The economy of Pakistan is in doldrums, so much so that Imran Khan, its PM, took a tour around the world begging for money. Foreign Direct Investment (FDI) in the country touched a six month low of 132.2 million dollars in January 2019. This is a 59 percent drop from the 319.2 billion dollars received in the previous month, reported the State Bank of Pakistan. In the first seven months of the fiscal year 19 (the Pakistani fiscal year is from July to June), FDI dropped by 18 percent to 1.45 billion dollar compared to 1.76 billion dollar in the same period of the previous fiscal year. “Foreigners were shy of investing in Pakistan, waiting to see whether Islamabad was going to the IMF,” said Hamad Aslam, Director at Research Elixir Securities.
The Pakistani government may allow the depreciation of currency as the country approaches the International Monetary Fund for a bailout package because allowing the market value (natural value) of currency is one of the conditions for a loan from the global lender. “We anticipate the rupee to touch Rs 150 to the US dollar by December 2019 from around Rs 139 at present,” said Aslam.
Pakistan’s all-weather ally China has been the single largest investor in the first seven months of the ongoing fiscal year. The dragon invested 825 million dollars in Pakistan which is more than half of the total foreign investment received by the country. Most of the investment from China came in the various projects related to the China Pakistan Economic Corridor (CPEC). United Kingdom was a distant second with 127.4 million dollars investment in the first seven months followed by 68.3 million dollars by South Korea. Japan, UAE, and the Netherlands were other major investors with 66 million dollar, 58.5 million dollar and 56.8 million dollar respectively. Some countries like Malta divested 81.6 million dollars in first seven months of this fiscal year.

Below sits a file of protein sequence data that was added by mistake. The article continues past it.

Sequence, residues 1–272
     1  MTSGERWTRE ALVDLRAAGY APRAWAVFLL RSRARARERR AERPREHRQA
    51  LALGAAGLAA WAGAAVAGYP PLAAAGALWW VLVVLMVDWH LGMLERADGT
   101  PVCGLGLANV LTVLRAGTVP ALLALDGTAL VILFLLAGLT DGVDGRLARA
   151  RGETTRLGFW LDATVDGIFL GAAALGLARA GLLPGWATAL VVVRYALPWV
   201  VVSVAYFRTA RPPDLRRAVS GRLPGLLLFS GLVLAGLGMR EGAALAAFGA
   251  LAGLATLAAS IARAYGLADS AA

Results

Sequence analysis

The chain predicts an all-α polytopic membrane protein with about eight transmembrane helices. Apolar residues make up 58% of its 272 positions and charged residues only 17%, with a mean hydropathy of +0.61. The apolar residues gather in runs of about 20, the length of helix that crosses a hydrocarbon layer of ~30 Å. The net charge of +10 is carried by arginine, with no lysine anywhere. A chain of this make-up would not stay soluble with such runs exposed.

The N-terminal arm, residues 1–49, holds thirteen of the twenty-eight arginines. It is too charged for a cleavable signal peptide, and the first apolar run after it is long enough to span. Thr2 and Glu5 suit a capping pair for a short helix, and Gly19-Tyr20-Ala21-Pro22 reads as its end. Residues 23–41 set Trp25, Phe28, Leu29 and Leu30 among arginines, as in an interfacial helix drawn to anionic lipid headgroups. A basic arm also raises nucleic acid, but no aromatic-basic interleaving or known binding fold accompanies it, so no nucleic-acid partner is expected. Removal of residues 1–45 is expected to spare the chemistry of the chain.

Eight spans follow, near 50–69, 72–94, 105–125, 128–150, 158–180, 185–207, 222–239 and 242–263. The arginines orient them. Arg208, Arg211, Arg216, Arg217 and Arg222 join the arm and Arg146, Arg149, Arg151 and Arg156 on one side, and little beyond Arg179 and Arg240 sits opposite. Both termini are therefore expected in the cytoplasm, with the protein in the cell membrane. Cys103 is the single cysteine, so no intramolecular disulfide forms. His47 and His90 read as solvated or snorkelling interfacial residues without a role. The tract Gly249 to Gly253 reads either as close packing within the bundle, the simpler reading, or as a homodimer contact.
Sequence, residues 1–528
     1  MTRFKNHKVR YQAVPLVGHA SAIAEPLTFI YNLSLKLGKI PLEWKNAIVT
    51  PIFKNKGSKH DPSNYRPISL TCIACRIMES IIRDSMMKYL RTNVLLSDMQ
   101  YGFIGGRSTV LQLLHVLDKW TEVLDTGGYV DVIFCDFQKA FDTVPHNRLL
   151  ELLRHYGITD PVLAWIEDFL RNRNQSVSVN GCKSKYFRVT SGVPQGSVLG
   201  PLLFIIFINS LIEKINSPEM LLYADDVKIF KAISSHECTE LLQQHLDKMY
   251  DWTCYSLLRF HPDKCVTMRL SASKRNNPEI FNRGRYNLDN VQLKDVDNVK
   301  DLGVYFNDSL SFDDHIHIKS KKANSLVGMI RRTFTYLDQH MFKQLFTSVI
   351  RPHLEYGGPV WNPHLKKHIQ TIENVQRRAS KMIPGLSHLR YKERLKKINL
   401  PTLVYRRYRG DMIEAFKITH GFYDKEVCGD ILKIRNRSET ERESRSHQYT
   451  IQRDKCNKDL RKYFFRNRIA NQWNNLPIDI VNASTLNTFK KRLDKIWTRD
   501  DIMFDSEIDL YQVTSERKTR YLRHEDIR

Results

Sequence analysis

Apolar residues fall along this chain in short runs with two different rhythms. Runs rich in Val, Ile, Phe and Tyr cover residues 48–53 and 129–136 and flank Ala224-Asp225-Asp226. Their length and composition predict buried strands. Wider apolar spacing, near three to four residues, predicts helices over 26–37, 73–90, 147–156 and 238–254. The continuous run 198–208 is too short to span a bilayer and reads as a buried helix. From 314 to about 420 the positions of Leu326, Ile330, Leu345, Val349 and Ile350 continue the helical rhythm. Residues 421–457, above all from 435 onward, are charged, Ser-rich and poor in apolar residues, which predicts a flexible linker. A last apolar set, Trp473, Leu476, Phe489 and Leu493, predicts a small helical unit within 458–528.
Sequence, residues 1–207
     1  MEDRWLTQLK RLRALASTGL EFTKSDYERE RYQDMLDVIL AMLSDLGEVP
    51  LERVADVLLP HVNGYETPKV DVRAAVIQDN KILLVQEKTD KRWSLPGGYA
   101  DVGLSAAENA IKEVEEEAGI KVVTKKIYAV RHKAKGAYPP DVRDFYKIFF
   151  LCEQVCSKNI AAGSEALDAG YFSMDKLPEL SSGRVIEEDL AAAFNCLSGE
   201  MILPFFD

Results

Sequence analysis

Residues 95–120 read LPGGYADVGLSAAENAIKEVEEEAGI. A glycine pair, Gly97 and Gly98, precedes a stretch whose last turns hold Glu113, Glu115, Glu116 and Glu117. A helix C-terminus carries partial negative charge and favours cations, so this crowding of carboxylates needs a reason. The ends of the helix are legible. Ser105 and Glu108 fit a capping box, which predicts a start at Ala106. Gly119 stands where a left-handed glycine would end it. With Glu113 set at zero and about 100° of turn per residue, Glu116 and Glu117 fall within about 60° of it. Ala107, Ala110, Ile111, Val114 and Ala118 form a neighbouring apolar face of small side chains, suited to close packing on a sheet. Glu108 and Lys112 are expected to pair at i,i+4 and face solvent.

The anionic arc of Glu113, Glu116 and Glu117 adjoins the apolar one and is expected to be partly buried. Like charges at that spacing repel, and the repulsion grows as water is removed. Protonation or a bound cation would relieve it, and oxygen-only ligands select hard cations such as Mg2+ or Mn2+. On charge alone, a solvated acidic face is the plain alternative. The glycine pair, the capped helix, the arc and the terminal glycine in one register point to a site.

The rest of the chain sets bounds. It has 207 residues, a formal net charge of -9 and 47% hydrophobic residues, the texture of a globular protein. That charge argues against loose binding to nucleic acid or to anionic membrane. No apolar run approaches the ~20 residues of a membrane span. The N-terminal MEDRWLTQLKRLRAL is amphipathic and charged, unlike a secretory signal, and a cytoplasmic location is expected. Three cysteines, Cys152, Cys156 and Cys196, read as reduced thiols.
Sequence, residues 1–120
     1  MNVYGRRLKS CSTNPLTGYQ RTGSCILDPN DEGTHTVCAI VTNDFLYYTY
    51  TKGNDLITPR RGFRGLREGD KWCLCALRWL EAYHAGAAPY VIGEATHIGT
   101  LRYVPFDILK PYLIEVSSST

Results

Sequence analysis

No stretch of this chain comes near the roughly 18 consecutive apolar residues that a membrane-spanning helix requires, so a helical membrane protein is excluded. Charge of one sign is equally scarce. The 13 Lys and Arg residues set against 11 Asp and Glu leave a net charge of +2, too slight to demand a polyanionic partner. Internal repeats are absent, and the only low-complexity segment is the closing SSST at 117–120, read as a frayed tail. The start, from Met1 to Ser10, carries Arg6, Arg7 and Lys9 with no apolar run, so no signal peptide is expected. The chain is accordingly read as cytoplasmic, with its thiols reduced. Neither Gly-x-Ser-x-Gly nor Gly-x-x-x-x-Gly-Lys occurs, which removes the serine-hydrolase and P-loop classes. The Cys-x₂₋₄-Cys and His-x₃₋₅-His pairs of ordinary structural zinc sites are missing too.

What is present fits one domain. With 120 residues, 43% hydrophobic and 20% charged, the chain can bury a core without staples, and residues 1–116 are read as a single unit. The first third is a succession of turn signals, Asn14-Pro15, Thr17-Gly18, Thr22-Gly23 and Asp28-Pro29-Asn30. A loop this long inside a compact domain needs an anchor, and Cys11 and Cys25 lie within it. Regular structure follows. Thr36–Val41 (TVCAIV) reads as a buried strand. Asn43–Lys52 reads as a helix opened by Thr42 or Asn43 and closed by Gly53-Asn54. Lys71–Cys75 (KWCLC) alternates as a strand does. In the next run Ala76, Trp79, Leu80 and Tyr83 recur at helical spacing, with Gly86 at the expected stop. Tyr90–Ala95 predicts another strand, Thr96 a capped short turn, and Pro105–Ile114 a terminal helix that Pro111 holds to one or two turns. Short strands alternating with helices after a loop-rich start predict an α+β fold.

The FDI received by Pakistan last year in around 3 billion dollars. In an average year, India attracts 10 to 20 times more FDI than its western neighbor. In the fiscal year 2017-18, at least four Indian states (Maharashtra, Karnataka, Delhi and Tamil Nadu) received more FDI than India. Maharashtra received 11 billion dollars in FDI which is almost four times that of Pakistan. Karnataka received around 7.7 billion dollars which is two and a half times the amount invested by foreign entities in Pakistan. Delhi received 7 billion dollars in the fiscal year 2017-18, more than double of the amount received by Pakistan. Tamil Nadu attracted FDI almost equal (3.08 billion dollars) to that of Pakistan’s.
The net inflow of foreign investment to GDP ratio of Pakistan is also lower than India despite the fact that the economic size of the country is almost one tenth of India’s. The chart above shows that net inflows of FDI to GDP ratio for the last four decades, investments in Pakistan are lower than those in India for most of the time. Pakistan’s eastern neighbor, China, sustained almost double digit growth in the last three decades due to huge foreign investment. For most of the last three decades, China has been way ahead of India and Pakistan. However, India overtook China after the Modi government came to power. FDI in India increased considerably due to pro-market policies and structural reforms implemented by the Modi government.